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The Impact of Suicide Assessment Training on Nursing Practice

WSU Spokane (Internal)
Faculty Seed Grant Program 2014 Competition
9/1/2014 – Ongoing


Approximately 35,000 people in the United States die by suicide each year, making suicide a leading public health concern. Nurses routinely treat patients that are considering suicide, but these patients are rarely identified as at-risk. In addition, suicide in hospitals is three times the rate as compared to the general population. Yet, suicide assessment training for nurses is lacking. Through proper identification and assessment of patients at-risk for suicidal behavior, suicide can be prevented. The purpose of this study is to 1) Evaluate the impact that online suicide prevention/assessment training has on RNs’ knowledge, attitudes and skills; and 2) Describe RNs’ perceptions and experience with online suicide prevention/assessment training and the impact it has on their practice. In order to meet the above objectives, this study will use a multi-method design. A pre-post, repeated measures design will be used to examine changes in knowledge, attitude, and skills resulting from a 6-hour suicide assessment training course. Content analysis of audiotaped phone interviews conducted at 3 months post-training will be used to examine changes in RNs’ practice as a result of the training. The proposed study is needed in order to understand how and if suicide assessment training impacts nursing practice.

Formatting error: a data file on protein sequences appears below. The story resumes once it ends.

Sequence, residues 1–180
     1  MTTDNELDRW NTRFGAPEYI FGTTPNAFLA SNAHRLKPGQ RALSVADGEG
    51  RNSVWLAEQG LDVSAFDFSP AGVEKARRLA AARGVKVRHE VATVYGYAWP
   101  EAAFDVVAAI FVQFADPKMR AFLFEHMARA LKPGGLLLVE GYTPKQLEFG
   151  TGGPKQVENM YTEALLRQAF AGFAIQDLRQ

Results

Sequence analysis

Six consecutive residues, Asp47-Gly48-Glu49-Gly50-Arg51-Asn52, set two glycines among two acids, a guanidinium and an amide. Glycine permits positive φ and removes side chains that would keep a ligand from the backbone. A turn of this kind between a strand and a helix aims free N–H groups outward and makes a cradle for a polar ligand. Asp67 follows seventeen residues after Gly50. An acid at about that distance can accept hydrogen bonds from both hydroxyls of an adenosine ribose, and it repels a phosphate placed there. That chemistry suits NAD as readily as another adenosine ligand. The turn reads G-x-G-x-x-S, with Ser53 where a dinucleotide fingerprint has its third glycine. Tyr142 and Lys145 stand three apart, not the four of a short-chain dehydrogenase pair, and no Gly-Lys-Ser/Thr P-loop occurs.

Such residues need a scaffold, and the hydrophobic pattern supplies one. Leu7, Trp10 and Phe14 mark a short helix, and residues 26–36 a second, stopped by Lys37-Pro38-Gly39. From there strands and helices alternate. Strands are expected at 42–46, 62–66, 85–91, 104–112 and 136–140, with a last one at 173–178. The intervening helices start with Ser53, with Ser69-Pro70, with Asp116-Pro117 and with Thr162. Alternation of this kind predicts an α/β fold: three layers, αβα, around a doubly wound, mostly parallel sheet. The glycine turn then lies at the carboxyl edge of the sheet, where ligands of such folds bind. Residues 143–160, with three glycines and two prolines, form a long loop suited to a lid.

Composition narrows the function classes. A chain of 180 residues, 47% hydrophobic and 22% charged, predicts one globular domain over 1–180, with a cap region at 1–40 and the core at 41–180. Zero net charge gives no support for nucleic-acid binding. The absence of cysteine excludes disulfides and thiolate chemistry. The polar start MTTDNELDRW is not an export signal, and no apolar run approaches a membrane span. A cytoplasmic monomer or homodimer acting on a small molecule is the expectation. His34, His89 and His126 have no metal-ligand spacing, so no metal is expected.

Primary Investigator

Carrie Holliday
Carrie Holiday, PhD


Tamara Odom-Maryon, PhD